Witold Rybczynski is a noted architectural expert, a humane and graceful writer, a Pole by ethnicity, a Scot by birth, a Canadian by upbringing, and an American by residence. And, unsurprisingly, a fatalist by nature, as he writes in his fluid collection of essays on what he calls “the imaginative life,” My Two Polish Grandfathers (Simon & Schuster). Looking back on his parents‚ narrow escapes and circuitous wanderings about war-torn Europe, Rybczynski, born in Edinburgh in 1943, calculates that he was as likely to have come into the world in a Breton village or in Bilbao as Scotland, even if he should have been born in Warsaw. More likely than any of those places, of course, was not to have been born at all. But make it he did, to begin a life whose key, borderless elements weave through the biographical and autobiographical sketches in his book: music, art, architecture and other transportable obsessions. For all the travels, and the arresting images caught by an outsider’s eye, though, the most beguiling of the essays in this lovely book is “The Boathouse,” about Rybczynski’s attempt to put down roots, at least of an architectural sort. “Sooner or later,” he writes, “an architect should build a house for himself. I did, although in a rather roundabout fashion.” Which is one way to describe a boathouse cum barn cum home, and its builder’s final satisfaction, once he knew his own mind: “Not a Palladian villa in Galicia, but it would do.”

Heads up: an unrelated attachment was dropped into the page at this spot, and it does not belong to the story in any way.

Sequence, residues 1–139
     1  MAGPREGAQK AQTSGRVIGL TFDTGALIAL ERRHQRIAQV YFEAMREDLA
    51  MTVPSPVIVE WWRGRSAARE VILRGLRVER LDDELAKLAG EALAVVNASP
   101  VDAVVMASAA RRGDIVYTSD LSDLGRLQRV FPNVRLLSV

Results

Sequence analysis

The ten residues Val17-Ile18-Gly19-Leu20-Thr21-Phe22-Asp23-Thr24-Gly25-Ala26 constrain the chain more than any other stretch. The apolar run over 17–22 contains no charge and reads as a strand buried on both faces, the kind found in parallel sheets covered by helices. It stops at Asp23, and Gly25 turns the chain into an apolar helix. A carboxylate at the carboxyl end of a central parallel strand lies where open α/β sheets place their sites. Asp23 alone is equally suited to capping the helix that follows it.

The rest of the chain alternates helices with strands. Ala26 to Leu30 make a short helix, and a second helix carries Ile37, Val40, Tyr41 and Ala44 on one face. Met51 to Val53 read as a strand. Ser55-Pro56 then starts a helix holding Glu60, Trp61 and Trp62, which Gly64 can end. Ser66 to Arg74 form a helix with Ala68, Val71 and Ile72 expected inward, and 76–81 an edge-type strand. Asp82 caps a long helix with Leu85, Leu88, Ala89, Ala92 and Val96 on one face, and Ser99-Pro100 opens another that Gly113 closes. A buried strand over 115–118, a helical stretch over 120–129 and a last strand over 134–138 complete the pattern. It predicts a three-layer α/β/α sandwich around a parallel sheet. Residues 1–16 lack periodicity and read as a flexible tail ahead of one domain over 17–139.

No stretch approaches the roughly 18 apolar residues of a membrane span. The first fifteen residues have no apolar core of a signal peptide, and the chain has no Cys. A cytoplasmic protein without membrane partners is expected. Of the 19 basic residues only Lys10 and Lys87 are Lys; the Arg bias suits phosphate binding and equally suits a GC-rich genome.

'My Two Polish Grandfathers' by Witold Rybczynski
In a fluid collection of essays on what he calls “the imaginative life," Rybczynski looks back on his parents‚ narrow escapes and circuitous wanderings about war-torn Europe.